Nvidia has finally announced the Europe-wide availability of its SHIELD 4K Android TV console starting from tomorrow, October 1.
The powerful little set-top box has been available in the US since early this Summer and we've been waiting to get our hands on it this side of the pond. Nvidia has taken this time to make sure that all the Europe-specific content and services are available for its unveiling in the Old World.
We're still getting the same device as the US version, rocking the latest Android TV operating system, so you can expect all the applications we've seen in the latest Sony 4K TVs to be present and correct.
Unfortunately Android TV is still a little lacking in the app department, but the main media apps are there, including iPlayer and 4K Netflix.
And in terms of media it's a fantastic device - no other set-top box can offer the same level of 60Hz 4K Ultra HD playback the Tegra X1 processor in the SHIELD can manage. Even the new Amazon Fire TV, with its 30Hz 4K limitations, can't keep up.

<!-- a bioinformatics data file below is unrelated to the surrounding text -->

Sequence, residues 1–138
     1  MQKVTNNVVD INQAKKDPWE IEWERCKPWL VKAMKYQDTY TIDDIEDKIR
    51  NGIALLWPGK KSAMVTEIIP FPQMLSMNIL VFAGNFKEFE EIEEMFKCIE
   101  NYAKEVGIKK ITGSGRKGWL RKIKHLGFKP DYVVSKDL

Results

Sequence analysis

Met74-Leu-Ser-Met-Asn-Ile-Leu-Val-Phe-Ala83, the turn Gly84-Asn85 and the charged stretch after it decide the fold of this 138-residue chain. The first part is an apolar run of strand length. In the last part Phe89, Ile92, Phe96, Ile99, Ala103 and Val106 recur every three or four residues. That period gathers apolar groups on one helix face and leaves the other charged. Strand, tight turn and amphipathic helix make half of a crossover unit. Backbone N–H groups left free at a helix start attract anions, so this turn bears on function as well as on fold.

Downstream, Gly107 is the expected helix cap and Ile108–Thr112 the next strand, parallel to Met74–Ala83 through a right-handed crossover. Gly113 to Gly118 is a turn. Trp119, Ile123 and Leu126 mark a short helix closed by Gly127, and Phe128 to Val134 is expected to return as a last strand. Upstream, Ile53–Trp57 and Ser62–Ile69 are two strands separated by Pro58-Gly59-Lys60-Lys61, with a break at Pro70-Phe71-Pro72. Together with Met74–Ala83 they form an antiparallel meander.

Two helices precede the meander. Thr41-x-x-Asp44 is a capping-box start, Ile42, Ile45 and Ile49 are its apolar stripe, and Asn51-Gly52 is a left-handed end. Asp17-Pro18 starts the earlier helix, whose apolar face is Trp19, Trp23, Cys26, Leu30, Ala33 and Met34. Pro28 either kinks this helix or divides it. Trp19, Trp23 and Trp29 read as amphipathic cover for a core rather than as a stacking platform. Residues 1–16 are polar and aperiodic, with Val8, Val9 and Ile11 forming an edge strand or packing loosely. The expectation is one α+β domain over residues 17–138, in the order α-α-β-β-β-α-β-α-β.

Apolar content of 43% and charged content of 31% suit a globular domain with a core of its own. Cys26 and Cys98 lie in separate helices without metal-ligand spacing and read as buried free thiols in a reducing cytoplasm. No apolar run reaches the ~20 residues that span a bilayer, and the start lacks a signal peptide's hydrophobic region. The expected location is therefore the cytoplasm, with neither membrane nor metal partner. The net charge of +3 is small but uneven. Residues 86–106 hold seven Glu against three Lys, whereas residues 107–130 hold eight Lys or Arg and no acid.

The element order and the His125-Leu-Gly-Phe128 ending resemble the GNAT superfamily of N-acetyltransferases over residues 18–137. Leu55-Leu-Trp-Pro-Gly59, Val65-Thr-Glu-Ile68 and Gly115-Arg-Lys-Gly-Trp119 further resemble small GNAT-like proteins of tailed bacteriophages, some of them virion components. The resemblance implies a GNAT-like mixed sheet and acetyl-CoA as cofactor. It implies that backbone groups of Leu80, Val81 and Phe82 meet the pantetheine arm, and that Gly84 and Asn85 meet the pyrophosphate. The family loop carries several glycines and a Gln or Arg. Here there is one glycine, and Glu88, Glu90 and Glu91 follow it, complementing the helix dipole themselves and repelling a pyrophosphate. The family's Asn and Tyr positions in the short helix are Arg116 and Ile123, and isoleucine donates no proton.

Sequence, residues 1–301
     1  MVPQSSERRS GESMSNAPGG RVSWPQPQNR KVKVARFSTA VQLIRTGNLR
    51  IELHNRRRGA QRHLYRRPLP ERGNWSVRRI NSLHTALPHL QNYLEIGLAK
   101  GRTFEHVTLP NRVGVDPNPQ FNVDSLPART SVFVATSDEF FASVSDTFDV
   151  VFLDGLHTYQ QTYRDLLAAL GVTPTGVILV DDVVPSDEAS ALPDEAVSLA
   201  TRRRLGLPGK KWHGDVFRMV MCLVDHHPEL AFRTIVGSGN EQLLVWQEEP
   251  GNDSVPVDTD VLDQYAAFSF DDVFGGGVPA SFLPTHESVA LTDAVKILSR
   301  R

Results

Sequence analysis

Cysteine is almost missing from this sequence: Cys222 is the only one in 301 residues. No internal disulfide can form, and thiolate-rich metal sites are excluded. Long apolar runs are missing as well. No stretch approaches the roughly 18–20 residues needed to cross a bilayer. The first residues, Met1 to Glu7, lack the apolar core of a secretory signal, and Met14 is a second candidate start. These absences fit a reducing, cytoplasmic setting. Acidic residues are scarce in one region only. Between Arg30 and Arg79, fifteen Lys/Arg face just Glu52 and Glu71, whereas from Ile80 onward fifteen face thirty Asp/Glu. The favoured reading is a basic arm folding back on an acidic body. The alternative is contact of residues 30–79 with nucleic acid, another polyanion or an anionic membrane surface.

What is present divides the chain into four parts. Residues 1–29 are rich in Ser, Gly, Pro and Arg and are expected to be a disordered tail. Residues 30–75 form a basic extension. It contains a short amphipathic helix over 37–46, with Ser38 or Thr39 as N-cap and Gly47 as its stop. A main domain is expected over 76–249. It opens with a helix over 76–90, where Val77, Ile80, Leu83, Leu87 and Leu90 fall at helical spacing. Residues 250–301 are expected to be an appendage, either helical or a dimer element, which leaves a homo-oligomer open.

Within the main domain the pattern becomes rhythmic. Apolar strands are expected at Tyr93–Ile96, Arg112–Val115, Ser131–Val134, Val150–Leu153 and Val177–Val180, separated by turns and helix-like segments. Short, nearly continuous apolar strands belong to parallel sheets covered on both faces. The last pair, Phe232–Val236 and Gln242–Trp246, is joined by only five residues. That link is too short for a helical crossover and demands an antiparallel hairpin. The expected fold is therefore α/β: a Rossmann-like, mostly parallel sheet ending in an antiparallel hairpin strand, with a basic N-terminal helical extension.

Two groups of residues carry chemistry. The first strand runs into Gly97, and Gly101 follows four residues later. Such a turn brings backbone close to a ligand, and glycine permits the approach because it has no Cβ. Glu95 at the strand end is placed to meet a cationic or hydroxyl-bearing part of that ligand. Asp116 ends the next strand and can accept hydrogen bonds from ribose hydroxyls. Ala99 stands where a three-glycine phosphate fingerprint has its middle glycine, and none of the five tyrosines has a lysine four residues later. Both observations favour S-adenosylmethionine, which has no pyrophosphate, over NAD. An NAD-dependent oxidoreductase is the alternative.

So, as a device to make your dumb, cheap 4K TV much smarter the Nvidia SHIELD is a winner...so long as that dumb TV has got a HDMI 2.0 / HDCP 2.2 connection anyways.
Gaming though is one of the biggest sells of the Nvidia SHIELD and that Tegra X1 processor, with its 256 core Maxwell GPU (the exact same architecture which powers the mighty GeForce GTX Titan X), is a mighty gaming beast and no mistake.
It comes with Nvidia's controller (a very Xbox-a-like pad) and three months of free access to the new GeForce NOW streaming service.
You can also play a host of Nvidia-optimised native games, like Half-Life 2, and stream games from your Nvidia gaming PC right into your living room.
The Nvidia SHIELD is available from October 1 for £149 for the 16GB version and £229 for the 500GB SHIELD Pro.
It comes with the controller as standard, but because you can program your TV's remote to operate the SHIELD the bespoke remote is an optional extra. As does the super-sticky stable stand. Those two are priced at £40 and £25 respectively.
Article continues below